Carolyn Beiser

Carolyn Beiser became our manager after Dan Garwood took a new position and, like Dan, was an excellent manager. She and her husband Paul were serious outdoors types, and they were constantly hiking, camping, climbing, horseback riding, and so forth, and Carolyn was also somewhat accomplished in horse racing.

In Carolyn's work experience, she had been both in a technical writing position and in a software lab engineer position, so she was highly qualified to manage a department of technical writers and support engineers. But less than six months after taking the position, she told us that she and Paul were going to have another baby! While that was good news, we knew she'd be gone on maternity leave for a while, so we wanted to get to know her better before she left to have the baby.

During her pregnancy, she and Paul took a trip to Alaska to raft down a river (I told you they were outdoorsy). During part of that trip, they took a helicopter trip through a narrow, convoluted, rock-walled canyon. The pilot, a highly skilled but slightly reckless Viet Nam veteran, took them through the canyon at a high rate of speed and with some very tight clearances. After returning from Alaska, she continued managing the department until the baby came, at which point her maternity leave got longer and longer. . .

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Farewell to Carolyn
Copyright 1997 David Arns

We got to know Carolyn early last year as a
     candidate for our new boss.
(Dan Garwood, who'd taken the job before her,
     had left us to work on displays.)
Though others applied, we had put them aside:
     we saw gold--why settle for dross?
The problem with finding a boss, we now see,
     is finding a good one that stays.

Carolyn built up her skills with
     a little of this and a little of that--
Her career at HP had encompassed both document-writing
     and being a labbie,
So her technical skills had been nurtured and sharpened
     and polished while working thereat,
And her people skills also were better than most;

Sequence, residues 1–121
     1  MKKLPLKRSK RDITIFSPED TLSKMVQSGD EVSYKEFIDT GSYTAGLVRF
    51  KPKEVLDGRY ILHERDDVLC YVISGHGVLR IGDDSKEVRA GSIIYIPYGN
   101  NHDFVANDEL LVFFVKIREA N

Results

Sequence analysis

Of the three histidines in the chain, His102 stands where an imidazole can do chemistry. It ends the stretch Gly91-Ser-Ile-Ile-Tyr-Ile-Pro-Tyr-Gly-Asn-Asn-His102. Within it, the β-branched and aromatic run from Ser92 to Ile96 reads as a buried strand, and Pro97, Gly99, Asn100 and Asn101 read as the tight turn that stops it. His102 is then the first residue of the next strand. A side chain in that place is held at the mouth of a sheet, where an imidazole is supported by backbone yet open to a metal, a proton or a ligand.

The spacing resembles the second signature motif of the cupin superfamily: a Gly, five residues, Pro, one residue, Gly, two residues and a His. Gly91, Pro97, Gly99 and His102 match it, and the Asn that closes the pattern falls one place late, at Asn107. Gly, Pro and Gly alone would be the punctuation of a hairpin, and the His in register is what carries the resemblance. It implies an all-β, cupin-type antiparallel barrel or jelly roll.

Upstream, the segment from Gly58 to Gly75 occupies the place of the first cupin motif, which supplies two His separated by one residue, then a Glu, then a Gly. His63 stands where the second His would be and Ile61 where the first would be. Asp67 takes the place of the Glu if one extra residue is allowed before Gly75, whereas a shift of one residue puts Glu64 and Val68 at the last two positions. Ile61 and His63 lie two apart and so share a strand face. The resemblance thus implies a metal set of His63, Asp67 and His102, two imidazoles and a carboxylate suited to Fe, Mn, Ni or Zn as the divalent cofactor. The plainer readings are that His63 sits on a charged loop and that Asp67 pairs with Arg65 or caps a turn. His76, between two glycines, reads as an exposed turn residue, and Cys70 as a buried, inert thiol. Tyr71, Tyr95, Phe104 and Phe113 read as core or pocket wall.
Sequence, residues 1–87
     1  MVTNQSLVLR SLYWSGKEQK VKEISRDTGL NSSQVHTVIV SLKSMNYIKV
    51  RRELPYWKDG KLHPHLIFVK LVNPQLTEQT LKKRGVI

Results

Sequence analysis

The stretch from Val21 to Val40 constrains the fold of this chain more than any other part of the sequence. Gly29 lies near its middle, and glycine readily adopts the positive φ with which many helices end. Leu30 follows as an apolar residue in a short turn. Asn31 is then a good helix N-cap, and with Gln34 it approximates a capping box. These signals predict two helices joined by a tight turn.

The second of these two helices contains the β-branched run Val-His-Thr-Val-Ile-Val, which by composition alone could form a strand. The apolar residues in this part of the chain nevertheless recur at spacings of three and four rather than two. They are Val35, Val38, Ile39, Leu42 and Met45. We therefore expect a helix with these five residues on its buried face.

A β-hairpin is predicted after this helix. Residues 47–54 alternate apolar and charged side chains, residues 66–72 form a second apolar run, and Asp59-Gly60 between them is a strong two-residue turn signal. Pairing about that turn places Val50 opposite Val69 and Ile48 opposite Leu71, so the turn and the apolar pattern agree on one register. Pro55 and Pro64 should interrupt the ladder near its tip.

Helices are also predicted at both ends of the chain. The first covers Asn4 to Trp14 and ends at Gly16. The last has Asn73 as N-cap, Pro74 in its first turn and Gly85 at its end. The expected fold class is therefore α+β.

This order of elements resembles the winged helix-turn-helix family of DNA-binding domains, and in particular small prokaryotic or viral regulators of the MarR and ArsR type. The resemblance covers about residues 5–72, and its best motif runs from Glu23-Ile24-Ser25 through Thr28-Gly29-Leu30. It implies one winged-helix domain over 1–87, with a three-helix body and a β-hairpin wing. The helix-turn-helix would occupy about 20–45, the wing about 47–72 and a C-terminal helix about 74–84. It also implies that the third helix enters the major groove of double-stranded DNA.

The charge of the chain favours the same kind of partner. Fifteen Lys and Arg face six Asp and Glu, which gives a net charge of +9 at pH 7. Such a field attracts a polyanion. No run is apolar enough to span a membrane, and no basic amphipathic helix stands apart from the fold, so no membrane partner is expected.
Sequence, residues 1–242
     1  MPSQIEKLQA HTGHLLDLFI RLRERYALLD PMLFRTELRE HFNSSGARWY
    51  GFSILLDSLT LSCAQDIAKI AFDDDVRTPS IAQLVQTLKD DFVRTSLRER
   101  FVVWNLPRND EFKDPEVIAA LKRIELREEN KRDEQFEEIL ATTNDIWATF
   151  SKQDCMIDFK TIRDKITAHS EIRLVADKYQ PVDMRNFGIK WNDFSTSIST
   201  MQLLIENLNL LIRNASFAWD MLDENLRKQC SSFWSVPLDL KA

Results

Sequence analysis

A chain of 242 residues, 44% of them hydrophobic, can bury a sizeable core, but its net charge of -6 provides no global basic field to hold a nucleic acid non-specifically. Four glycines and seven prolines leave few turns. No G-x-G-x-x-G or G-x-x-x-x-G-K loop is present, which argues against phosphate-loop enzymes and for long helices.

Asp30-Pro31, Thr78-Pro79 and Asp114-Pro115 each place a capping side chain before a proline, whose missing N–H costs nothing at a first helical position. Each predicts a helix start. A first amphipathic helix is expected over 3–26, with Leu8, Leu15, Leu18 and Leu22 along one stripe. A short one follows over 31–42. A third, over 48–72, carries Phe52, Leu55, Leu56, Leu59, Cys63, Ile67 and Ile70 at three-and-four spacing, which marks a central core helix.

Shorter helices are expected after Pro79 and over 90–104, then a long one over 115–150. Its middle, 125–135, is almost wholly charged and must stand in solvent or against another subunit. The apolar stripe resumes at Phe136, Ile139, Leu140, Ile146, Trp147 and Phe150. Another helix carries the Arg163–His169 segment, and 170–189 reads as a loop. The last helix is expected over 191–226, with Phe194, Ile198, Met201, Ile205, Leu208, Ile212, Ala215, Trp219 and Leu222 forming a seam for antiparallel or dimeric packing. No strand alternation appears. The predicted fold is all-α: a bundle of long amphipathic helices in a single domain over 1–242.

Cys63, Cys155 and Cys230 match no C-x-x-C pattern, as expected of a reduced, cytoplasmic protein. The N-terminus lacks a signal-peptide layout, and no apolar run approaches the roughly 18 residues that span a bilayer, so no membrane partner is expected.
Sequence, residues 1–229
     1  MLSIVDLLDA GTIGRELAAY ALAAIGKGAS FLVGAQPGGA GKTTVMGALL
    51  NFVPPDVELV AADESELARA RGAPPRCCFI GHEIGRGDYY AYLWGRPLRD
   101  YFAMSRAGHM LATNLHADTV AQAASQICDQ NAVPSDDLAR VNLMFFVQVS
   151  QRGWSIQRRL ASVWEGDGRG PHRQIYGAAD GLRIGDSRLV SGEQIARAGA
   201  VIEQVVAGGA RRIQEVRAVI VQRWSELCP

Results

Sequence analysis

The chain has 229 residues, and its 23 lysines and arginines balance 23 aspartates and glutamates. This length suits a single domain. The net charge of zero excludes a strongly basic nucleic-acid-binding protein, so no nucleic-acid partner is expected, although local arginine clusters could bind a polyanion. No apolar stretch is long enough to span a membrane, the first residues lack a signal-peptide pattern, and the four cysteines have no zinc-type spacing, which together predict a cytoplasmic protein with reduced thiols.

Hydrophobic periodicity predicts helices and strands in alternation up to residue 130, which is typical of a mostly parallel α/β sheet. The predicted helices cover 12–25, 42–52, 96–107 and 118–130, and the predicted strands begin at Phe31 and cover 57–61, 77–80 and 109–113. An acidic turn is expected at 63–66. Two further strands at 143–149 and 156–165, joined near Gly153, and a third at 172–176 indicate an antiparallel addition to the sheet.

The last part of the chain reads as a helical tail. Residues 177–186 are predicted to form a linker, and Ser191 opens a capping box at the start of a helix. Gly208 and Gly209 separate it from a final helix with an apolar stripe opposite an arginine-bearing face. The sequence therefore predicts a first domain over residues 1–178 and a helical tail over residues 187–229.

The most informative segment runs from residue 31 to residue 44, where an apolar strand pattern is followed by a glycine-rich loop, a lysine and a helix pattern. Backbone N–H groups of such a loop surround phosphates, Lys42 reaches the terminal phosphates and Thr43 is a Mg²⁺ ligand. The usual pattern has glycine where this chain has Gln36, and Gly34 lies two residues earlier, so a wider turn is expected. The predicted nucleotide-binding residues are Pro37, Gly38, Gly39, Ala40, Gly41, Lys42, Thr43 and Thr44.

you could say they became "not too shabby."

So we all settled in to our routines at work;
     the boss-hunting trial was through!
What a relief to have chosen a boss;
     She's a good one and I don't mean maybe.
The new status quo our department enjoyed
     continued one month, maybe two--
Then Carolyn told us some news one fine day:
     she and Paul would be having a baby!

It was surely good news that she gave us that day,
     eyes twinkling and face all aglow,
But it left much less time for acquainting ourselves
     with the boss we'd so recently hired.
But month followed month, and as they passed by,
     and her tummy continued to grow,
The department gradually learned of some things
     that in Carolyn's life had transpired.

A trip to Alaska was one of the things she had done
     while taking vacation
(A white-water raft trip down icy-cold rivers
     is some folks' idea of fun);
She told us about a vertiginous ride
     that gave her severe palpitation:
A lunatic pilot and rocky-walled gorge
     made her think that her life may be done.

She likes to compete in the steeplechase, too--
     horsemanship's one of her joys--
And going on hiking and backpacking trips
     with Allison, Paul, and now Kevin.
And who knows what else she will teach to the kids?
     (They have bridles and pitons for toys.)
At the rate that they're going, they'll scale K2
     by the tender young age of seven.

Well, we knew that she surely would take LOA
     for a while when the baby arrived,
But how long could that possibly take? One would think
     a couple, three months? Maybe four?
We'd lasted four months when Carolyn left us a message:
     It was to be five.
But inside a month, she called back to advise us
     her absence would be even more!

Of course, we know that you made the right choice
     when it came down to making the call
To stay there at home and care for the baby a
     little bit longer, but still,
We'll miss your bright smile and your strong, hearty laugh,
     and your laid-back demeanor and all,
So good luck, and we hope that we'll see you around
     when you have some spare time to kill.

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